EXERT FROM APPENDIX 1 from Don Featherstone's Battles With Model Soldiers
(The book that got me started.)

"Nothing in these pages is a dictate, no word says you must or you shall do it this way. On the contrary, the book sets out from the very beginning to stimulate the reader to think for himself, and to use what he has read merely as a foundation for efforts and ideas which reflect his own temperament and character. Only in this way will he obtain maximum satisfaction from the hobby of battling with model soldiers."

-Don Featherstone 1918 - 2013

Thursday, May 8, 2014

Interruptions, Always Interruptions

This current Hearts of Tin game is one of my longest. I did finally end it this evening on or about the 18th turn after 5 days of sneaking in turns, 1 here, 2 there. Interestingly the game remained enticing and enjoyable and in the balance right to the end.

There's been an almost unprecedented run of things like an entire day without rain, a broken kitchen drain for me to replace and umh 2 naval games at Ron's.
The merchantmen in the foreground are 2d printed cutouts.
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Last Friday I got to try his latest effort, a very effective kluge of Sails of Glory and Wooden Ships to allow us to use the beautiful ships and easy combat system on his hex mat. The scenario was the wagon train from CS Grant's Scenarios for Wargames translated to a naval convoy situation. I drew the French fleet trying to get a vonvoy through. The game was proof that you can lose a game decisively and still have fun. 


Having left my reading glasses behind (not on purpose) I went back yesterday and as long as I was there.....


This game was Two Sides of a River from Programmed Scenarios with shoals substituting for the river, inspired by 1 of Cochrane's exploits iir. My outgunned and split RN squadron was tasked with preventing the French from getting through in force. I lost a frigate but took a ship of the line and sank a frigate. That left me with a ship and 2 frigates chasing 1 and 1 as they left the strait. The victory conditions were a bit vague as to what constituted an effective force on his part but my force was certainly not destroyed so we called it a draw. Great game though, tense up to the end.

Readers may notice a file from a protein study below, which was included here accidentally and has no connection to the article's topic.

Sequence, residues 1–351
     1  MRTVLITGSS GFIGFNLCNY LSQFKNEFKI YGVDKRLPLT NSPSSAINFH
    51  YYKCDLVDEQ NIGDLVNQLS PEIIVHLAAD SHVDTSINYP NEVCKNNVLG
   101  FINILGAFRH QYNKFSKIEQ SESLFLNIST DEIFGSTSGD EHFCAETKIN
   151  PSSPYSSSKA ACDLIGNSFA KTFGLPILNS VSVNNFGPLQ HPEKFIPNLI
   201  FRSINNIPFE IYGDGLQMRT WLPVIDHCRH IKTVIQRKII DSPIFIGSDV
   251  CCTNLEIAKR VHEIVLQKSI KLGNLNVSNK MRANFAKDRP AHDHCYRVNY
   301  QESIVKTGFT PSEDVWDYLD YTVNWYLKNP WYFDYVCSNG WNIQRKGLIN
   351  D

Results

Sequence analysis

Hopefully tomorrow I will get pictures of the Atlantica game uploaded and Part 1 written up.

6 comments:

  1. Looks like fun . . . the idea of converting "Wagon Train" to a naval game is a great one.

    Unfortunately while I've not played many "sail" games, I've never found one that seemed to handle realistic movement and "fun". They have either been too technical or notably unrealistic. How did Ron's rules satisfy that problem? or did it?


    -- Jeff

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    1. Jeff, I've not skippered anything bigger than a whaler under sail and am the most casual or possibly superficial of students of naval combat in the age if sail but it felt right to me. It was certainly fun and it was simple.

      The movement rules were adapted from Wooden Ships and Iron men which can be downloaded for free now. Ron had to adjust them since the paper map has a lot more hexes than his table. We looked at advanced rules such as adding and reducing sails , different ammo, etc etc but decided they would slow and complicate the game without being more fun for us. The combat was basically from Sails of Glory adapted to the grid. Very simple but effective.

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  2. I got Sails of Glory. I like it ok, but its a lot of trouble to go to to play a game, IMHO. Do his rules simplify things?

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    1. The substitution of hexes and written moves makes it much less fiddly, simpler and faster to play, especially with 4 and 5 ships on a side. It is less nuanced at the finer points of how the different classes maneuver but the feel was right for me. These games each took 2 to 3 hours to play. For the convoy game I had something like 10 or 11 ships to maneuver including the merchants.

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  3. Nice post Ross. Looks like it would have been a fun gaming day.

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    1. It was good gaming. Good thing I have friends to get me out of my same old from time to time.

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